Tuesday, February 26, 2008

Shea Shea Shea

THE PLANT: Shea Tree Order: Ebenales
Family: Sapotaceae (Chicle, Gutta-Percha and Sapodilla)
Genus: Butyrospermum or Vitellaria
Species: Butyrospermum parkii or Vitellaria paradoxa

I read an case study called: " Research by the Cocoa Research Institute of Ghana (CRIG) into the cultivation and processing of shea nuts as an alternative to cocoa products." along with some other interesting articles on the web an found out some things I didn't know about shea.

The Shea Tree is a wild tree, which are pollinated by bats and grows very slowly.
It grows from 25 to 75 feet tall and bears fruit (seed) that contains four times more Vitamin C than an orange, but doesn't bear its fruit until it is between 15-30 years old.


1. Despite the increased use of shea butter in cosmetics, statistics show that the shea butter from more then 90% of all marketed shea nuts is used to replace cocoa butter in the chocolate industry.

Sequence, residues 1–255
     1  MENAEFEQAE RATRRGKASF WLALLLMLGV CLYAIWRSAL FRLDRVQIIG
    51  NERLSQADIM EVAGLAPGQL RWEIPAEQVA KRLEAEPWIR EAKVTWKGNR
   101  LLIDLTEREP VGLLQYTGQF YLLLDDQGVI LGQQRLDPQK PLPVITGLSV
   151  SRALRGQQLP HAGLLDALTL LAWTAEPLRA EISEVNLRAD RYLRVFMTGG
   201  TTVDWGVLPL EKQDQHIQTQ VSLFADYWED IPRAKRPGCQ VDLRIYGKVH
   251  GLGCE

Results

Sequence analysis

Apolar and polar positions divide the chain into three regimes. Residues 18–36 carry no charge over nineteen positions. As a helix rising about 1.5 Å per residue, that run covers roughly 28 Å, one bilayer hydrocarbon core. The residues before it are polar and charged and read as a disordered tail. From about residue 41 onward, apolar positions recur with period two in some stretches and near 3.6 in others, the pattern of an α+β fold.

2. People have been cooking with shea for years and is the main edible oil for the people of northern Ghana, being the most important source of fatty acids and glycerol in their diet.

3. The healing properties of shea butter are believed to be partly attributable to the presence of allantoin, a substance known to stimulate the growth of healthy tissue in ulcerous wounds.

Whipped Shea Butter (Product Body)

If you'd like to learn more about the process of production of shea or the women of Africa and their role in shea nut production check some of these sites:





Anne-Marie said...

Bats? Really? Who knew ... bats apparently are the bees of Africa. =)

Anonymous said...

Excellent! Thank you! Dh, who has been enjoying your whipped shea butter asked me what "shea" was, and all I could tell him was that it's some sort of a nut. I'll send him here to read this.